The British media are lamenting a “blow” to the UK nuclear programme after China apparently dropped out of the race to build £30 billion worth of reactors in the country.
China Guangdong Nuclear Power Group, in consortium with French firm Areva, had been widely tipped as bidders for the Horizon nuclear power joint venture, which was abandoned by German energy companies E.On and RWE in March.
But the Financial Times reported that by Friday last week – the deadline for submissions from prospective buyers – the group had failed to table a bid. China’s State Nuclear Power Technology Corporation, though touted as a possible partner for reactor developer Westinghouse, was also absent from the final list of contenders.
The FT called the news a “blow for Britain’s nuclear revival” and said the “lack of participation by the Beijing-backed groups” raised questions about how the country could take its nuclear programme forward: “Some industry experts believe only Chinese companies have the financial firepower to shoulder the immense cost of building new reactors,” the newspaper said.
Its sentiments were echoed by The Telegraph, which said the Areva-China Guangdong consortium had been seen as “one of the most credible” bidders for the programme and that people would be left asking who would “bank-roll” the UK’s plans for nuclear reactors.
As discussed before on chinadialogue, China has quickly come to be seen as vital to the future of the nuclear industry. The Chinese nuclear sector is still in its relative infancy (only 1.85% of the country’s electricity came from this source in 2011). But China’s growing financial clout, combined with an apparent commitment to continue building nuclear on a large-scale even as others reconsider their positions, has led a nuclear industry struggling to re-orientate post-Fukushima to pin its hopes on Beijing.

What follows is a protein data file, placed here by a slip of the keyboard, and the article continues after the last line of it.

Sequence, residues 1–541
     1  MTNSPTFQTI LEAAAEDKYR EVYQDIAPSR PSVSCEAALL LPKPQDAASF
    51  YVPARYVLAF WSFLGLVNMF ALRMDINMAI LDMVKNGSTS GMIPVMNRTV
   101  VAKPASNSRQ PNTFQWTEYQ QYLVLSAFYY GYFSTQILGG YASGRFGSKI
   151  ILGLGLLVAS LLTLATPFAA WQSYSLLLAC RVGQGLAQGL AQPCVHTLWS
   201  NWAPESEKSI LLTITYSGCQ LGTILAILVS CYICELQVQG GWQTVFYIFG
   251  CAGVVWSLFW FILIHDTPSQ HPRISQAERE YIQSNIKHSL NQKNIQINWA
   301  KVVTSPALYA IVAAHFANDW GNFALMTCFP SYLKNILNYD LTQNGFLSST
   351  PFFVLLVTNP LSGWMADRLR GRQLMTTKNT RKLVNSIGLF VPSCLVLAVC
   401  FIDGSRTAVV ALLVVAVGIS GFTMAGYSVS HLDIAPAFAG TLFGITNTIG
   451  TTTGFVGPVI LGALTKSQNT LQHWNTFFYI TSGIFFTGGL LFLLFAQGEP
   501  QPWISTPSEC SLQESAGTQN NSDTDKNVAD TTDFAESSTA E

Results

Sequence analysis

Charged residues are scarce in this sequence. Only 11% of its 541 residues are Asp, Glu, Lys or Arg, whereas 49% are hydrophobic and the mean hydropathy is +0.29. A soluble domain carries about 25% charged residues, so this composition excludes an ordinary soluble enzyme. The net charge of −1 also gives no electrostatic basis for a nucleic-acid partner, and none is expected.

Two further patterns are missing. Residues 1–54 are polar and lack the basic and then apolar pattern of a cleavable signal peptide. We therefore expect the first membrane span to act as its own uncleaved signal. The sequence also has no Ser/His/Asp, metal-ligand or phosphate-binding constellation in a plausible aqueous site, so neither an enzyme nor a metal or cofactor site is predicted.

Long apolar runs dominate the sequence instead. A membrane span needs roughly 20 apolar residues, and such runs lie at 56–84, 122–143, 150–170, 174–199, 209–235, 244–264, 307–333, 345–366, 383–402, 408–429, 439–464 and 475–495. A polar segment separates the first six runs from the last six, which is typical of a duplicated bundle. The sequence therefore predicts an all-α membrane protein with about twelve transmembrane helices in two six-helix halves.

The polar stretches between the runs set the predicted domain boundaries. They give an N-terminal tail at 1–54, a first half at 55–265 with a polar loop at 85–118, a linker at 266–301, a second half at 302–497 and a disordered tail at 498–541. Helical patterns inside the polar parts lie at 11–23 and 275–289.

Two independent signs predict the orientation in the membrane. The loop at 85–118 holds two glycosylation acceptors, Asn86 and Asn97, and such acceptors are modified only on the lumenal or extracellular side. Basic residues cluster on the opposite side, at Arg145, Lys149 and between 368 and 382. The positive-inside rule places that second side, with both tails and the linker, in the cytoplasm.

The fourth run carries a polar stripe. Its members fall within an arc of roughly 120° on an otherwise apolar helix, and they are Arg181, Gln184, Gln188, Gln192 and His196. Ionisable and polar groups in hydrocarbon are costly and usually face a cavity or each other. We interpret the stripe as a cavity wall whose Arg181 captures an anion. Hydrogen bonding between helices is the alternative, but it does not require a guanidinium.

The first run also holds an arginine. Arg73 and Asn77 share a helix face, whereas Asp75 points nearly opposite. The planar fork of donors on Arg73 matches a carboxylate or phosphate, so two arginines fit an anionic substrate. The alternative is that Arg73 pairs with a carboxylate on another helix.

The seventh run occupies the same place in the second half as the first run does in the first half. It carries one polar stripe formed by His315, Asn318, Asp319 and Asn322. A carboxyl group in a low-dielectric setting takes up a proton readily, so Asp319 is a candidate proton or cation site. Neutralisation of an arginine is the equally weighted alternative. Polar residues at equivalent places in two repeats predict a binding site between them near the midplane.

And it’s not just the UK, explained Antony Froggatt in a June chinadialogue article “Chinese nuclear goes global?”, pointing out that Turkey, South Africa and Saudi Arabia were among the countries waiting to hear on possible nuclear deals with China:
The global clout of China’s nuclear sector is such that the impacts of its decisions stretch far beyond the nation’s borders. From France to Namibia, from reactor designers to uranium-mining firms, the industry will be waiting anxiously for news from China.
But the idea that China’s own nuclear plans are stable enough to warrant this global obsession is questionable. As Cui Zheng pointed out in “Public fears check Chinese nuclear”, policymakers in China are dealing with many of the same hurdles as other countries – public confidence, regulatory risks – and a post-Fukushima construction pause has taken its toll:
Policymakers are acutely aware of the public’s concerns. Around the world, whether or not to press ahead with new nuclear has become a deeply politicised question, and with China in the midst of a leadership change, officials are being cautious.
And so the nuclear industry has been left to stew. Gu Zhongmao, deputy head of the technology committee at the China Institute of Atomic Energy, said nuclear equipment suppliers had been worst hit by the standstill. A stop on their business operations of more than a year has left these players in dire straits. Overseas suppliers have also been affected: Chinese firms are attempting to cancel contracts for equipment for shelved plants under force majeure clauses…International mediation is being used to resolve the disputes.
Nuclear safety worries return
Chinese disinterest won’t have been the only thing on the minds of European nuclear planners this week. A leaked version of an official safety report, due out tomorrow, suggests almost all of the continent’s existing nuclear plants have safety failings – and it could cost 25 billion euros to fix them, according to the BBC.
The investigation by the European Commission was launched after the reactor meltdown at Fukushima in March 2011, and “stress tested” the continent’s existing plants. According to the leaks, it has concluded that almost all of Europe’s on-line reactors need upgrading to be able to deal with disasters like floods.
Image credit: Michael Kappel via Flickr